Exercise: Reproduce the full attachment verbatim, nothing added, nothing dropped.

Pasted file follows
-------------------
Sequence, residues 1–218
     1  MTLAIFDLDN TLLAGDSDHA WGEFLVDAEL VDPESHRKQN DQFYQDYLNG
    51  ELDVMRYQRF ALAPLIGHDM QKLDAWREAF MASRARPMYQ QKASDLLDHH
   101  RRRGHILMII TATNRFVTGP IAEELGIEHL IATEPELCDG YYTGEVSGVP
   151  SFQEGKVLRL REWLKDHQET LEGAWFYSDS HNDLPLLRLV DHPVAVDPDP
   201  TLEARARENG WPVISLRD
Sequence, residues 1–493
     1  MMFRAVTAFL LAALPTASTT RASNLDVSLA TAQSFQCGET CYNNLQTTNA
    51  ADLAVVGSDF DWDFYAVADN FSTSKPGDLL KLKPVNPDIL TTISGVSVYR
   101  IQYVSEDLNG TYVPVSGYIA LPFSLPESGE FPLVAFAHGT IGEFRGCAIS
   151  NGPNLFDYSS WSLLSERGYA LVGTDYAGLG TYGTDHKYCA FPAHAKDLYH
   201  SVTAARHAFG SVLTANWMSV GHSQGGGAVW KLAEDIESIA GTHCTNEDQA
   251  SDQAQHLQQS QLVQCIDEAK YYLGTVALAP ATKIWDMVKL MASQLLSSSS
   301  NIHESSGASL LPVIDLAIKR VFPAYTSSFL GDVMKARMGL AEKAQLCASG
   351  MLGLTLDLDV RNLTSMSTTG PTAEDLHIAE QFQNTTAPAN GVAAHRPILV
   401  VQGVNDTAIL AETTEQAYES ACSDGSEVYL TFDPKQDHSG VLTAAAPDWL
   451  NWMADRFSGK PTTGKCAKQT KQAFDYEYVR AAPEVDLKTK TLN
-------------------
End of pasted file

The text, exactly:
Sequence, residues 1–218
     1  MTLAIFDLDN TLLAGDSDHA WGEFLVDAEL VDPESHRKQN DQFYQDYLNG
    51  ELDVMRYQRF ALAPLIGHDM QKLDAWREAF MASRARPMYQ QKASDLLDHH
   101  RRRGHILMII TATNRFVTGP IAEELGIEHL IATEPELCDG YYTGEVSGVP
   151  SFQEGKVLRL REWLKDHQET LEGAWFYSDS HNDLPLLRLV DHPVAVDPDP
   201  TLEARARENG WPVISLRD
Sequence, residues 1–493
     1  MMFRAVTAFL LAALPTASTT RASNLDVSLA TAQSFQCGET CYNNLQTTNA
    51  ADLAVVGSDF DWDFYAVADN FSTSKPGDLL KLKPVNPDIL TTISGVSVYR
   101  IQYVSEDLNG TYVPVSGYIA LPFSLPESGE FPLVAFAHGT IGEFRGCAIS
   151  NGPNLFDYSS WSLLSERGYA LVGTDYAGLG TYGTDHKYCA FPAHAKDLYH
   201  SVTAARHAFG SVLTANWMSV GHSQGGGAVW KLAEDIESIA GTHCTNEDQA
   251  SDQAQHLQQS QLVQCIDEAK YYLGTVALAP ATKIWDMVKL MASQLLSSSS
   301  NIHESSGASL LPVIDLAIKR VFPAYTSSFL GDVMKARMGL AEKAQLCASG
   351  MLGLTLDLDV RNLTSMSTTG PTAEDLHIAE QFQNTTAPAN GVAAHRPILV
   401  VQGVNDTAIL AETTEQAYES ACSDGSEVYL TFDPKQDHSG VLTAAAPDWL
   451  NWMADRFSGK PTTGKCAKQT KQAFDYEYVR AAPEVDLKTK TLN